The medical necessity of durable medical equipment (“DME”) billed to the Medicare Program may have no relevance to a court’s determination of whether a DME supplier submitted claims based on fraudulent Certificates of Medical Necessity (“CMN”).   The Sixth Circuit Court of Appeal recently upheld a conviction of aiding and abetting Medicare fraud when a DME supplier submitted apparent fraudulent CMNs, even though the DME supplier might have been able to prove the medical necessity of the DME.

In United States v. Davis, Nos. 06-5073/5074, decided June 22, 2007, the Sixth Circuit affirmed a conviction on twelve (12) counts of aiding and abetting Medicare fraud. The convictions of an owner and an employee of the DME supplier stemmed from the supplier’s submitting claims to the Medicare Program for oxygen equipment that had been provided to miners with black lung disease.

Acting on information apparently discovered by a federal Health & Human Services (“HHS”) investigator, it was determined that the DME supplier, through the employee, was submitting documents to the Medicare fiscal intermediary that had been fraudulently completed and signed. Several people testified at trial that they had witnessed the employee openly completing CMNs in an inappropriate fashion in the office.

A CMN is a form that has various sections, one of which contains medical information that must be provided by the physician who is prescribing the DME. This information creates the medical necessity of the DME. The form also must be signed by the prescribing physician. Several witnesses testified that the employee filled out the medical necessity information on numerous forms and signed the forms with the physician’s name. All of the forms at issue were generated for patients of a single physician, for whom the employee did volunteer work.  She had access to patient information but was seen filling out CMNs in the DME supplier’s office without access to the patient charts at the time.

The statute at issue in the case is 18 USC §1347, which provides in pertinent part:

§1347 Health care fraud

Whoever knowingly and willfully executes, or attempts to execute, a scheme or artifice—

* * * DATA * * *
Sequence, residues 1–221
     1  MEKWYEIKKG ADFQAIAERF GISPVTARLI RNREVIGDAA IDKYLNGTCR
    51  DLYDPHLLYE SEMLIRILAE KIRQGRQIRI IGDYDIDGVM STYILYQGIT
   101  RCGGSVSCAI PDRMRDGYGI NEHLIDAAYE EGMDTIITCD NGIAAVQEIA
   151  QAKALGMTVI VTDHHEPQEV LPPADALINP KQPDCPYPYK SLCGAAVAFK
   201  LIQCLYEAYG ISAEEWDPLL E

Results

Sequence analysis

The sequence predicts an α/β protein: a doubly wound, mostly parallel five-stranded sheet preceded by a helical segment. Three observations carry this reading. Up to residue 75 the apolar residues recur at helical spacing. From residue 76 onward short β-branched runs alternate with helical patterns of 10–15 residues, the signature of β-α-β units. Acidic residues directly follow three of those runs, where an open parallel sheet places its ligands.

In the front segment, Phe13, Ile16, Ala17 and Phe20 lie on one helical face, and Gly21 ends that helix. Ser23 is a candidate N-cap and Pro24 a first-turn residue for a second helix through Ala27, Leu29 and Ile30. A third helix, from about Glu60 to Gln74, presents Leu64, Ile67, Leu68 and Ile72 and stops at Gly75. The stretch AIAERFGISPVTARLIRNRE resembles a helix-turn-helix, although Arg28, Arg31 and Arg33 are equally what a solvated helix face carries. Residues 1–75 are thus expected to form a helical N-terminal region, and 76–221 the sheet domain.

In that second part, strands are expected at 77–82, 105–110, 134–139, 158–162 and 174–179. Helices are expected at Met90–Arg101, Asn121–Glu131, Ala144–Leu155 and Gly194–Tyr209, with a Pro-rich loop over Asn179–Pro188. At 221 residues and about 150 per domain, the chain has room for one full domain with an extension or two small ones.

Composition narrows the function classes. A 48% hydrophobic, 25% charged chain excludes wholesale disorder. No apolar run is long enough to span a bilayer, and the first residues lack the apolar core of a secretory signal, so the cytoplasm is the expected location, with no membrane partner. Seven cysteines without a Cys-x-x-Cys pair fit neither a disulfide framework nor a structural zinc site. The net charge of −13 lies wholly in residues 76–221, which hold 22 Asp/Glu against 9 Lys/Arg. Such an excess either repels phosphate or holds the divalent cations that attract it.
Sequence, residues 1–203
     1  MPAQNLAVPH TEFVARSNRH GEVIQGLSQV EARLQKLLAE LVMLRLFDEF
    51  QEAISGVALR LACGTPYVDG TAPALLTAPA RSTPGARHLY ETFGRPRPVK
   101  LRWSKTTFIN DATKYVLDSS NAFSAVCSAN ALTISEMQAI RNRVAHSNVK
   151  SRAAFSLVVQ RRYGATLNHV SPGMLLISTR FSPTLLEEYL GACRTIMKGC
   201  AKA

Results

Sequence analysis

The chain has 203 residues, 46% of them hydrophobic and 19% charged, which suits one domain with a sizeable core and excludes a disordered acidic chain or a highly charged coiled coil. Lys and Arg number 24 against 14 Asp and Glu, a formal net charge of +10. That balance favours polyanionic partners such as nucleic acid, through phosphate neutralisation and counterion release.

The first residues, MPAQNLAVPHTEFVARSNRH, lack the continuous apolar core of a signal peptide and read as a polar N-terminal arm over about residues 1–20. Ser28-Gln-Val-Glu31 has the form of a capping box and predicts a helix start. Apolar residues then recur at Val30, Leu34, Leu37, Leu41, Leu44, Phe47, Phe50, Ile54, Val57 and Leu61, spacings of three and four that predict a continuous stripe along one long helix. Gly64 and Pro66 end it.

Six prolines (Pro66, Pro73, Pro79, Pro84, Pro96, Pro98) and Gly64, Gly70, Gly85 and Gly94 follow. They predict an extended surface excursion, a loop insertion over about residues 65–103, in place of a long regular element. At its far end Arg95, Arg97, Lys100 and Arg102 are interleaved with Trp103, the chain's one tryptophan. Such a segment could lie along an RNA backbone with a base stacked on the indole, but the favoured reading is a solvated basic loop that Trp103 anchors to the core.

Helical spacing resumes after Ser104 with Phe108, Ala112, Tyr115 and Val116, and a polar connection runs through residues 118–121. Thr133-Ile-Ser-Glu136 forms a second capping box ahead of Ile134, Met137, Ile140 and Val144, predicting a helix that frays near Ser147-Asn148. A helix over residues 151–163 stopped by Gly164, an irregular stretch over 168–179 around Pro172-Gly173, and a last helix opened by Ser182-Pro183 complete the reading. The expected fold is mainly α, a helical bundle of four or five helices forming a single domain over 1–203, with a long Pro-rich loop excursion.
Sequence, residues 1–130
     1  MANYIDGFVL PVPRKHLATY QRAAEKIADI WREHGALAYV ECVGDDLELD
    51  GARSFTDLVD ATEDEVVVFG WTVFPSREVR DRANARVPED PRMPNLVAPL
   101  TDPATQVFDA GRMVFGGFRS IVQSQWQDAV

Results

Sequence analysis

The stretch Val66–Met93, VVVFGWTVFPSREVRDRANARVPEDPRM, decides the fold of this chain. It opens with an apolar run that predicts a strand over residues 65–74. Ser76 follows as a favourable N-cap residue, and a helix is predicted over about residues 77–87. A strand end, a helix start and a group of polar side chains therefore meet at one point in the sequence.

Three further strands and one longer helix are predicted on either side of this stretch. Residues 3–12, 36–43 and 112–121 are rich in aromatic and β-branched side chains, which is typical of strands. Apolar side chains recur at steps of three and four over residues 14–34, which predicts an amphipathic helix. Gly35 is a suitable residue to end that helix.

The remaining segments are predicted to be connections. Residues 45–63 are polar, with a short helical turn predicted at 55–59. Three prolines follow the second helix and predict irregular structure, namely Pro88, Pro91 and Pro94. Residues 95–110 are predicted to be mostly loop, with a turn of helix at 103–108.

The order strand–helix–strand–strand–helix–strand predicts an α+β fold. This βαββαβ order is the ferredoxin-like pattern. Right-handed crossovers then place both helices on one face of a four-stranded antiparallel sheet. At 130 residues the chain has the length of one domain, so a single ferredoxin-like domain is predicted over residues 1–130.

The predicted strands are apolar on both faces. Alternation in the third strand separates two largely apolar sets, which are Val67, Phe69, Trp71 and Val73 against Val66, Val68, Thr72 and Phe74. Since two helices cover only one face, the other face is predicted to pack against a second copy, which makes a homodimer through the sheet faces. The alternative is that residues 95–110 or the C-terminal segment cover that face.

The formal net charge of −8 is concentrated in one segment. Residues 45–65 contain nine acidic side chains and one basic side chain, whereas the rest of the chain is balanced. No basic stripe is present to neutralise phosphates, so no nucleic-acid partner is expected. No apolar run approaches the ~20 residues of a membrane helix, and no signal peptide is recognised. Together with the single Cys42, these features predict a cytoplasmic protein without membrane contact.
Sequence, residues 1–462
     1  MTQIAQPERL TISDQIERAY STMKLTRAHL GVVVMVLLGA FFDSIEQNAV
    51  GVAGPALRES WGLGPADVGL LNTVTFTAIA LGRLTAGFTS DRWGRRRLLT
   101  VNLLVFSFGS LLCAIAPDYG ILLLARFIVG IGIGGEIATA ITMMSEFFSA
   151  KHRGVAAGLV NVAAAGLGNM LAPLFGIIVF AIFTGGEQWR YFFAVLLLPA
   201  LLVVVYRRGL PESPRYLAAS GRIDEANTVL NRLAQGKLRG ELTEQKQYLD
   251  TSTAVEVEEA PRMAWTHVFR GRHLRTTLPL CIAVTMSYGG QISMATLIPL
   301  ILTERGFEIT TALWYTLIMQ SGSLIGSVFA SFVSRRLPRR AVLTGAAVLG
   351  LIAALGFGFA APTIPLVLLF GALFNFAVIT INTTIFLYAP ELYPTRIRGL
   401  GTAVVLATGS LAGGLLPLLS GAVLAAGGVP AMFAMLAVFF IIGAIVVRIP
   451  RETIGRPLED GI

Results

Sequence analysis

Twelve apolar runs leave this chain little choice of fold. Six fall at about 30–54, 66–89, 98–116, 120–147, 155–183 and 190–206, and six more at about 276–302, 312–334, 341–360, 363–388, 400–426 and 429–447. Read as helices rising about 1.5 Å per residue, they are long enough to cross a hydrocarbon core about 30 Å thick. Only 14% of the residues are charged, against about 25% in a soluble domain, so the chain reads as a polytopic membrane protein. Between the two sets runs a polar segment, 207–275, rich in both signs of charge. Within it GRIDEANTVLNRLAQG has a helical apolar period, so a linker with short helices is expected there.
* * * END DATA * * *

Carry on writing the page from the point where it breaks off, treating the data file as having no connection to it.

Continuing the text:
(1)   to defraud any health care benefit program; or

(2)   to obtain, by means of false or fraudulent pretenses, representations, or promises, any of the money or property owned by, or under the custody or control of, any health care benefit program,

in connection with the delivery of or payment for health care benefits, items, or services, shall be fined…or imprisoned not more than 10 years, or both.

As the result of the conviction, the defendants were sentenced to imprisonment—36 months and 60 months, respectively— and to three (3) years of supervised released, as well as to pay $171,933 in restitution. Both convictions were affirmed by the Sixth Circuit.

The employee argued on appeal that she should have been permitted to introduce evidence of the medical necessity of the oxygen equipment at issue, thereby negating any material misrepresentation associated with submission of the CMNs and the claims. The Sixth Circuit disagreed, reasoning that acceptance of her materiality argument would negate the part of the statute, subsection (2), that exists to ensure the reliability of the claim system under the Medicare Program and to make criminal the interference with system procedure.  The court believed that whether or not the miners needed the oxygen equipment would not aid the jury in determining innocence or guilt under the facts of the case. The court stated: “Though the case as bar is not a paradigm health care fraud case, consisting of claims … in the obvious absence of medical need, the statute is broad enough to encompass Medicare claims submitted with fraudulent data, irrespective of real patient need.” The court also stated that the government does not have to prove that a health care program suffered any financial loss to obtain a conviction.

It is important to note that the statute under which the government proceeded in the Davis case does not contain the phrase “federal health care program”. Rather, it contains “health care benefit program”. The word “federal” is present in statutes that limit recovery to Medicare, Medicaid and other government-funded programs. Providers need to consider the difference when a statute does not include the word “federal”, as such a statute may be used to attempt to reach private program fraud and abuse.